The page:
What is a clinical study?

What is a clinical study?

A clinical study is a study with patients and/or healthy volunteers that is done to evaluate whether a new treatment is safe and if it works. Clinical studies are performed to test the effectiveness of medications or of the combinations of various treatments.

Scientific research and clinical studies are essential for developing and optimising medical treatments and techniques. After all, no new medication or treatment is used before extensive studies have demonstrated that this new product or treatment is effective and safe.

Advantages of a clinical study

Advantages of a clinical study
  • Considering that certain clinical trials give participating patients access to the newest treatments before they are available on the market, patients gain access to the latest scientific advances. This sometimes provides a new chance for recovery or an increase in quality of life. During a clinical study, you are monitored very closely in order to detect every effect of the tested treatment.
  • By participating in a clinical study, you are first and foremost in solidarity with the generations of today and tomorrow. You can take pride in this, and you are certainly appreciated for this. Your participation can contribute toward better care in the future.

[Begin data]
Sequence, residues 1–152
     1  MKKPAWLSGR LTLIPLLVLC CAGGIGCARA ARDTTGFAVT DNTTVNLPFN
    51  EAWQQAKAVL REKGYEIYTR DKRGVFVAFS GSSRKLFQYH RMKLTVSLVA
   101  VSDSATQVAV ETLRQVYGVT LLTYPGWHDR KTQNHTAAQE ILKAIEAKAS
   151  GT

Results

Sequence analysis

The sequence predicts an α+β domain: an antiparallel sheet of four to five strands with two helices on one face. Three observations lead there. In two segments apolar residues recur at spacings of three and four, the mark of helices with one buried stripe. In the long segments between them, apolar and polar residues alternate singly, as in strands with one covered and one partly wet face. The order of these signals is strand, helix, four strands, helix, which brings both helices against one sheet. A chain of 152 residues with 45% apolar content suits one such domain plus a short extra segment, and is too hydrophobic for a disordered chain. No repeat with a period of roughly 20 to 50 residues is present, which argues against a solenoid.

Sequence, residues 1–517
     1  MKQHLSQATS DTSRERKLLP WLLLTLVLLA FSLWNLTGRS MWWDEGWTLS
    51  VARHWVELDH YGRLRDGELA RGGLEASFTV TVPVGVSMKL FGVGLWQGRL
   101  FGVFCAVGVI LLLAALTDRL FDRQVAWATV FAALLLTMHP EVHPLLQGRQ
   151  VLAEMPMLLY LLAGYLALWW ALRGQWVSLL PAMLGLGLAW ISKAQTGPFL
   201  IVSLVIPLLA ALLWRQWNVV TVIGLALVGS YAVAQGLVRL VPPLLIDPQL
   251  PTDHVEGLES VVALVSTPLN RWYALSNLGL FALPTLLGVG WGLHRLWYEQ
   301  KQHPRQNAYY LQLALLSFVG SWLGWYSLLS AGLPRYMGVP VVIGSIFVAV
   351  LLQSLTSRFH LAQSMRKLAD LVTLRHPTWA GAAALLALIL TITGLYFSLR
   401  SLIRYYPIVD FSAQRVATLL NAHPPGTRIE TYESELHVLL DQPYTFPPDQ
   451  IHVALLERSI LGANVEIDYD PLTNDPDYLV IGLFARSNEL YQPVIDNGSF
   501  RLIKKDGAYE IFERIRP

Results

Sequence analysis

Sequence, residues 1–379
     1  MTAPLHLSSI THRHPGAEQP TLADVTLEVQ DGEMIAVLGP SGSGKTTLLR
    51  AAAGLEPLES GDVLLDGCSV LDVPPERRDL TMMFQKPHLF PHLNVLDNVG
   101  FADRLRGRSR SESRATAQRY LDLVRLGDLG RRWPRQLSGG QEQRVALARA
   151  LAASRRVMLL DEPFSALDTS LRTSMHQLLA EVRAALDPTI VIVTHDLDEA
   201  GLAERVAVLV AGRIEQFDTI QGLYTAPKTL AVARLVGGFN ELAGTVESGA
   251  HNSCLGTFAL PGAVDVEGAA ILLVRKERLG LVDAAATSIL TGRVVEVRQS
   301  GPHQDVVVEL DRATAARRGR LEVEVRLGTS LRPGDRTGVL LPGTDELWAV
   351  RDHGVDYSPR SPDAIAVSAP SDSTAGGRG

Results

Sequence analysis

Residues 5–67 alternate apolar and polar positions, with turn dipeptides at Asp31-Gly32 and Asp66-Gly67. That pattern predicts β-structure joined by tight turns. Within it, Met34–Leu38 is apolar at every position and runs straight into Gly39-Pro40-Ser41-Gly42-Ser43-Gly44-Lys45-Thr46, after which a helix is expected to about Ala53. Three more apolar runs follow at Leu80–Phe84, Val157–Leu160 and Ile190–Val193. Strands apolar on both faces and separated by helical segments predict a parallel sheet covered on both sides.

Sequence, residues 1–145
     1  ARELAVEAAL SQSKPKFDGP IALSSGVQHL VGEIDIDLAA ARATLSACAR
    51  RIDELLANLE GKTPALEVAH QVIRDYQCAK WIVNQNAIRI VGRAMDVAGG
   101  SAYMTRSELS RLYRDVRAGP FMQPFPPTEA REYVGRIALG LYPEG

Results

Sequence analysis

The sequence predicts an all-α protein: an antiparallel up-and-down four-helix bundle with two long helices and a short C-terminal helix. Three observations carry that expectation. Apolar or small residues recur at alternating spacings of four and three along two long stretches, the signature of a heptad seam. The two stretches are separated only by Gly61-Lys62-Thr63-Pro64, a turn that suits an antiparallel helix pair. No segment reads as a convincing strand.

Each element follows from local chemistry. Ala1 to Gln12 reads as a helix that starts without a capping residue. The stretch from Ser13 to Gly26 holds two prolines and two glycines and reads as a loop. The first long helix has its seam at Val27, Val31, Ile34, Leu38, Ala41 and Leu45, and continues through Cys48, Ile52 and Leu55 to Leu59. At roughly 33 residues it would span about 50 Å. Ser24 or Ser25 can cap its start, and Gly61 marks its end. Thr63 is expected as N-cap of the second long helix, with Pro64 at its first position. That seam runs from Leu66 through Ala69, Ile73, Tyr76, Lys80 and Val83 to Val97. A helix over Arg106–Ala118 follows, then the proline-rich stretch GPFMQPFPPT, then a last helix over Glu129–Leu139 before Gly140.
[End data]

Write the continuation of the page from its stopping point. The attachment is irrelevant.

• Participating in a clinical study represents an important act of global solidarity, as the knowledge and experience gained from these trials is shared internationally. This is how medicine evolves beyond our country's borders.

Source: www.klinischeproeven.be

Disadvantages of a clinical study

Disadvantages of a clinical study
  • Since a clinical study is meant to answer a question regarding a new treatment, there is no guarantee yet that this medication or method will be effective.
  • There is, depending on the type of clinical study, no guarantee that you will receive the studied medication or that you will have the studied procedure performed. You may be given a placebo or you may receive the current standard of care, and, for this reason, may not experience the benefits during or after the clinical study.
  • Since the treatment is experimental, the participants may also experience unexpected side effects. Even before starting the study, measures are taken to prevent and remedy any known possible risks. Clinical studies are monitored closely in order to detect and prevent these side effects as quickly as possible. Every participant receives follow-up for a specific medication.
  • In comparison with a standard treatment, participation in a clinical study can involve a more intensive care trajectory. There may be extra consultations, tests and treatments, which can require extra time and consideration on your part. It is the responsibility of the researcher to inform you, as the patient, of these details.

Your rights and obligations as a participant

Your rights and obligations as a participant

As a participant, you have the right to:

  • participate voluntarily, without pressure or negative consequences if you choose not to participate;
  • exit the study at any time;